The meetings of the early church were focused on and depended entirely upon the Jesus being Head of His church. Jesus was the reason for the gathering. He was all in all. There was no bulletin with a "Schedule of Service" in it. It was Jesus who set the agenda in the early church. Try going without a bulletin in most of today's institutional churches. The attendees want to know what is happening and in what order its happening. Deviate from the bulletin and people will point it out to you. Jesus led the early church gatherings in the same manner He desires to be Head of our church gatherings today.
In the early church Jesus spoke through whomever He desired if they were willing. This is so unlike today's pastor speaking from behind a pulpit (some call it the "sacred desk"). Today, it is the "pastor"or some other professional clergy member that is to bring the message. There was no set ways of doing church in the New Testament. Jesus was free to do what He wanted, how He wanted when He wanted and through whomever He wanted. This involved the opportunity for every member to function. Where is that opportunity in the institutional church of today?
Today's church divides the people in the active few and the passive many. You have those on the platform who "perform" and those in the congregation who serve as the audience. How far we've come from the days of the New Testament church!
It sure wasn't that way in the early church! It wasn't the sermon or the preacher that was the focal point. Every member participating prevailed. Everything that transpired in the New Testament church meetings revolved around Jesus. It was spontaneous and Spirit led. What a novel concept!
I want to give you something to consider. Frank Viola wrote in his book Reimagining Church (pg 54), "The Holy Spirit so governed the gathering that if a person received an insight while another was sharing, the second speaker was free to interject his or her thought (1 Corinthians 14:29-30). Accordingly, interruptions were a common part of the gathering (1 Corinthians 14:27-40). Such a meeting is unthinkable in today's institutional church. (Just imagine what would happen if you interrupted the pastor with a word of insight while he was delivering his sermon.)"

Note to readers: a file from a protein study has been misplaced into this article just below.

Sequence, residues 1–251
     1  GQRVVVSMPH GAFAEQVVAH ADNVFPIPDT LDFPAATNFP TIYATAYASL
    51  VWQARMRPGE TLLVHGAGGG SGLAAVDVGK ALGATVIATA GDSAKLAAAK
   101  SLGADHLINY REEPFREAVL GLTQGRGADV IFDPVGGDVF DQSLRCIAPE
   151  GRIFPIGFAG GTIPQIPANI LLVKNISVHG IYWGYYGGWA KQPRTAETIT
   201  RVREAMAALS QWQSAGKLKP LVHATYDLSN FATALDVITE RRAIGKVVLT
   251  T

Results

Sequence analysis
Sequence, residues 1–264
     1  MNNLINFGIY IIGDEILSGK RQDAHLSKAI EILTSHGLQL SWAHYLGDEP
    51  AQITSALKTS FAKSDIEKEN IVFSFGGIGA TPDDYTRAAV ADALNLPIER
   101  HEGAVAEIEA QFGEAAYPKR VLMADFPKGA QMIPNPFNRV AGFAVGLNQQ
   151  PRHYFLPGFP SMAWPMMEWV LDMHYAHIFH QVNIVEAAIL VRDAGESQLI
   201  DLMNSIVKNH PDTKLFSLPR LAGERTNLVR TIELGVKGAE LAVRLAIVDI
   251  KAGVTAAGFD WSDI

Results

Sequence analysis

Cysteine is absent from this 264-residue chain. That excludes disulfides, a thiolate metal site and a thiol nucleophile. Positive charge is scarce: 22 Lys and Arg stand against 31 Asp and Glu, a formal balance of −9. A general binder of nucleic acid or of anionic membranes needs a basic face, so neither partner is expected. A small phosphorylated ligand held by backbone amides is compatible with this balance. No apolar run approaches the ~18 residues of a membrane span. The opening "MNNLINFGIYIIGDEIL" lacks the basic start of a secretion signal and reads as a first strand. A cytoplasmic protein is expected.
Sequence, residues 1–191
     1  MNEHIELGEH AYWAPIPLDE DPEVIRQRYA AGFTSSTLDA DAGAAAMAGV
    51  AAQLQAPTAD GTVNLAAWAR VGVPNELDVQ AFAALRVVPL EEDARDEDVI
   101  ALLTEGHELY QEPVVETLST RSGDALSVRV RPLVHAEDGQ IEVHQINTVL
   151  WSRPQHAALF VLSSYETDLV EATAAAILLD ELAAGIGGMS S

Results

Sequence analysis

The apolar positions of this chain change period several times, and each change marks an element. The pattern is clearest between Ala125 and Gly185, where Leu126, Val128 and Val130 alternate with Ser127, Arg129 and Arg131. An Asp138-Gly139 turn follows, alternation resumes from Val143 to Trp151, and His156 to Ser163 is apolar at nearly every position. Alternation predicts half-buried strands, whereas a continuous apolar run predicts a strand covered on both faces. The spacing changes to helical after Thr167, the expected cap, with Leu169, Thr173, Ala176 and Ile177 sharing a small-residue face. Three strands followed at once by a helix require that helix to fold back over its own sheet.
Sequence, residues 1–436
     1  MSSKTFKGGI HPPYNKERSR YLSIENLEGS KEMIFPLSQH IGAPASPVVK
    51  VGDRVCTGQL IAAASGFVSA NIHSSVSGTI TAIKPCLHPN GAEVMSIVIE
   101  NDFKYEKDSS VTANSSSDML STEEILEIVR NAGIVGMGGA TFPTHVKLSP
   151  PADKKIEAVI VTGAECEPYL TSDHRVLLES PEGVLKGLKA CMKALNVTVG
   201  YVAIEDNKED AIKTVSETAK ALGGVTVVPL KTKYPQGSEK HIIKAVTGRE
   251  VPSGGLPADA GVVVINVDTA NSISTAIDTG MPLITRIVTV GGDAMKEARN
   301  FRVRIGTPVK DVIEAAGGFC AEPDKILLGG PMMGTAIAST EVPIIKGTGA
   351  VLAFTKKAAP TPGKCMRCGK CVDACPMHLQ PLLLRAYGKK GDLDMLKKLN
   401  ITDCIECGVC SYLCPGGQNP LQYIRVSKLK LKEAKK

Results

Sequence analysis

Yet this should be allowed and even encouraged in today's church meetings. It's not about the person doing the teaching or the preaching. It's about the body ministering to the body under the Headship of Jesus. Now that's what I call church!
One of the most interesting traits of the early church gathering was the absence of person being "in charge". Can you imagine that? Jesus led the gathers of His people through the leading and prompting of the Holy Spirit. "How did that work out?" you ask. There was a great spirit of "one anothering" that went on in those meetings. What an example the early church set for us! No wonder there are 58 New Testament "one anothering" exhortations. Each person in attendance came to the gathering knowing they had the right, privilege and even responsibility to share in the meeting whatever the Lord had laid on their heart. By the way, both men and women were afforded the right and privilege to participate and share in the meetings of the church.
Let's open up our meetings and allow the "one anothering" to go on as was the norm for the early church. Let's encourage God's people to share the things God has laid on their hearts. My heart's desire is for the church to be set free to truly be the church God intends for her to be. Don't be nervous. Just be faithful and obedient and we'll see just what God will do in our midst.
Until next time, enjoy the journey!
Until next time, enjoy the journey!
It you know of someone who would be challenged and encouraged by this blog please pass on a link to them. You can share this blog easily by clicking on the links below. I believe the church needs to be set free from the bondage of the status quo she has been in for so long. The blogs over the next few weeks will help us to see how this can be done. If you are interested in reading more regarding the organic expression of church life I recommend Frank Viola's book "Reimagining Church".